To listen to a brief excerpt from this album, click here:
John J. Puccio, Editor, Publisher, Reviewer
Understand, I'm just an everyday guy reacting to something I love. And I've been doing it for a very long time, my appreciation for classical music starting with the musical excerpts on The Big John and Sparkie radio show in the early Fifties and the purchase of my first recording, The 101 Strings Play the Classics, around 1956. In the late Sixties I began teaching high school English and Film Studies as well as becoming interested in hi-fi, my audio ambitions graduating me from a pair of AR-3 speakers to the Fulton J's recommended by The Stereophile's J. Gordon Holt. In the early Seventies, I began writing for a number of audio magazines, including Audio Excellence, Audio Forum, The Boston Audio Society Speaker, The American Record Guide, and from 1976 until 2008, The $ensible Sound, for which I served as Classical Music Editor.
Today, I'm retired from teaching and use a pair of bi-amped VMPS RM40s loudspeakers for my listening. In addition to writing the Classical Candor blog, I served as the Movie Review Editor for the Web site Movie Metropolis (formerly DVDTown) from 1997-2013. Music and movies. Life couldn't be better.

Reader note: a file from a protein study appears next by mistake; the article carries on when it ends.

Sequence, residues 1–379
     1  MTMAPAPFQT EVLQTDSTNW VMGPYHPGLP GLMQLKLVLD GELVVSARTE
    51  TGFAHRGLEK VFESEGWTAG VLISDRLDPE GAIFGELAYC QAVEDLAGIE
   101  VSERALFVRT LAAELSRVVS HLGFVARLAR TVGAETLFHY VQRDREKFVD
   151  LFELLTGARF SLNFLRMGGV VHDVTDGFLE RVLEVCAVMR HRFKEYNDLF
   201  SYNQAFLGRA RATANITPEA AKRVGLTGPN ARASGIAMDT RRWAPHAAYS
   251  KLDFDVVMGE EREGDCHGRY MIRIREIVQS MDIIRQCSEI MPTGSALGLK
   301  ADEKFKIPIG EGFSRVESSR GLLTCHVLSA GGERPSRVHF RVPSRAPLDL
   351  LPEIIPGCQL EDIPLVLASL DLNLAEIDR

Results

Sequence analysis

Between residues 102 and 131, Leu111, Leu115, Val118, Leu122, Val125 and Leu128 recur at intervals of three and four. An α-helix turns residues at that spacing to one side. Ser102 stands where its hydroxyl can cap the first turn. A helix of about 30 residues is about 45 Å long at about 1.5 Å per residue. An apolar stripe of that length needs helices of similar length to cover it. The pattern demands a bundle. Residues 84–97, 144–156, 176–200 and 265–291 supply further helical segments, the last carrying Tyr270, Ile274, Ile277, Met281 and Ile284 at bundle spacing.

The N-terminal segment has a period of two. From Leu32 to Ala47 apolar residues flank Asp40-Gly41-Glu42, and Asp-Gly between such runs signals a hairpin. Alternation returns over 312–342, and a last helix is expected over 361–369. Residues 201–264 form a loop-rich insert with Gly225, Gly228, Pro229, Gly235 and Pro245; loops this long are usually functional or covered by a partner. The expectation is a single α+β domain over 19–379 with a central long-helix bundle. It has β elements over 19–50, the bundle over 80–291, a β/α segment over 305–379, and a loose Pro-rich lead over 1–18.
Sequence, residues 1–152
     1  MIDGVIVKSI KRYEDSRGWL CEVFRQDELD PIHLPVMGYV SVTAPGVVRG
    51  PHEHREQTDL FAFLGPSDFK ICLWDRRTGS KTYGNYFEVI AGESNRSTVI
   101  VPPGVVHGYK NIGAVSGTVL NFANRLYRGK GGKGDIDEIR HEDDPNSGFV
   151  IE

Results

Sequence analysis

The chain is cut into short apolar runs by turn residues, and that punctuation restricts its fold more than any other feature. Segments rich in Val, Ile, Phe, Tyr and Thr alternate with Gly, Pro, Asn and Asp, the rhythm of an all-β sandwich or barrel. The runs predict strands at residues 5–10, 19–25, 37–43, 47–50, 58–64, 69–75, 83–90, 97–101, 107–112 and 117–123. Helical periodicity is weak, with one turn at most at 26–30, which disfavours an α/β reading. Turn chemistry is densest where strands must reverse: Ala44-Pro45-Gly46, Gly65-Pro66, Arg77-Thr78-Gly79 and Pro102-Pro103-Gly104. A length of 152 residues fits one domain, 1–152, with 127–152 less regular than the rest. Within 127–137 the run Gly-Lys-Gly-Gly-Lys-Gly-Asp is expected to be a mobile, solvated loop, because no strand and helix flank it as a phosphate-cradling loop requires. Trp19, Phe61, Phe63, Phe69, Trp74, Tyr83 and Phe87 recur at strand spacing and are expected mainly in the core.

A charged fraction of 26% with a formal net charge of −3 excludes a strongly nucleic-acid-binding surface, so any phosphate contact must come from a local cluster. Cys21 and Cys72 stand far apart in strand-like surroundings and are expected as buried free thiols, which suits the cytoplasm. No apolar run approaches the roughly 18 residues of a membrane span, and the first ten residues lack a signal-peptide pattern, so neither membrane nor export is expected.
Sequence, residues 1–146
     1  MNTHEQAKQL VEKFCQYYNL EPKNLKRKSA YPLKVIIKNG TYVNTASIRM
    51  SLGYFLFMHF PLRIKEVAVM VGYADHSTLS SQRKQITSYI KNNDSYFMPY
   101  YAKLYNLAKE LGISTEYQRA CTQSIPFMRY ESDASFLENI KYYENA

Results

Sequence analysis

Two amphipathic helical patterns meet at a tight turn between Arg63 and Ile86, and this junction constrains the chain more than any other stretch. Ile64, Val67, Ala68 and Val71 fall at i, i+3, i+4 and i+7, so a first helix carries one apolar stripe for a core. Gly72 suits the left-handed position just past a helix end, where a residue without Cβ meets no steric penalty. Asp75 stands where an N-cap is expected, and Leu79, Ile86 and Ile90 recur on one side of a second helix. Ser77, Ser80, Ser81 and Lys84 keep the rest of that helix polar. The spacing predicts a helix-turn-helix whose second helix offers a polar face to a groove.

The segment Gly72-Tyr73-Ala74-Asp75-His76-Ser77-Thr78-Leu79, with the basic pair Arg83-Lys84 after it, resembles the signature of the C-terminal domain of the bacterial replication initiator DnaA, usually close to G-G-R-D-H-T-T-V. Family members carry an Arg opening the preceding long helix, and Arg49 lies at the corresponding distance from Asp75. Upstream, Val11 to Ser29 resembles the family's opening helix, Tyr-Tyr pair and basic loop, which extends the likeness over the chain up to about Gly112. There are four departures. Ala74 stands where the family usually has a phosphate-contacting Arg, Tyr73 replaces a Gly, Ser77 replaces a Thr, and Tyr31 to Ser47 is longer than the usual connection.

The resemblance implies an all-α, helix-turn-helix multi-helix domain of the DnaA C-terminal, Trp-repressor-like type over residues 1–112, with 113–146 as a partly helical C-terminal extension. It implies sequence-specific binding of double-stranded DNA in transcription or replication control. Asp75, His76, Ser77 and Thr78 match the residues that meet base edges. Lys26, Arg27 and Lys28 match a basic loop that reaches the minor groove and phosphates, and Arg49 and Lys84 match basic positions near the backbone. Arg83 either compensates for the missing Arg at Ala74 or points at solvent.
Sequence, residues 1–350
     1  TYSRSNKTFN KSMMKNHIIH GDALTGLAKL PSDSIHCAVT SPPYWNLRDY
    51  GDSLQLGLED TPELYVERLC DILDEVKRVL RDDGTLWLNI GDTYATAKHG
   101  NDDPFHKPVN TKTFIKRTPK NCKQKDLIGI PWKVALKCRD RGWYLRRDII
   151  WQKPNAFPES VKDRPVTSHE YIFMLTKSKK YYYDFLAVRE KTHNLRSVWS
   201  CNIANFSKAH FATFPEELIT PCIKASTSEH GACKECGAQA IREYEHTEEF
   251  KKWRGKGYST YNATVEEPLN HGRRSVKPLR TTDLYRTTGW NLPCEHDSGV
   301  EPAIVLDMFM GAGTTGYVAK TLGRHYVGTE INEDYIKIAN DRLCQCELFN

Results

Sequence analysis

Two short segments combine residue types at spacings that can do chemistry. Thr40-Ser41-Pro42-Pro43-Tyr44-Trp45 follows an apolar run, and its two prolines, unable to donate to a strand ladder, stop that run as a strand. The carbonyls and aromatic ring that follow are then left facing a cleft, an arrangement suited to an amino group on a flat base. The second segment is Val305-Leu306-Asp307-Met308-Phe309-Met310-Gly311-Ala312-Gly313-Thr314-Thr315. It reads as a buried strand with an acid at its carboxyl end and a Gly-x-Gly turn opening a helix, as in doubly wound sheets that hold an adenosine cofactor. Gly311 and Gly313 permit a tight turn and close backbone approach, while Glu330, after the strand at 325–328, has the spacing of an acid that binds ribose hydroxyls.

Karl W. Nehring, Contributing Reviewer
For more than 20 years I was the editor of The $ensible Sound magazine and a regular contributor to its classical review pages. I would not presume to present myself as some sort of expert on music, but I have a deep love for and appreciation of many types of music, "classical" especially, and have listened to thousands of recordings over the years, many of which still line the walls of my listening room (and occasionally spill onto the furniture and floor, much to the chagrin of my long-suffering wife). I have always taken the approach as a reviewer that what I am trying to do is simply to point out to readers that I have come across a recording that I have found of interest, a recording that I think they might appreciate my having pointed out to them. I suppose that sounds a bit simple-minded, but I know I appreciate reading reviews by others that do the same for me -- point out recordings that I think I might enjoy.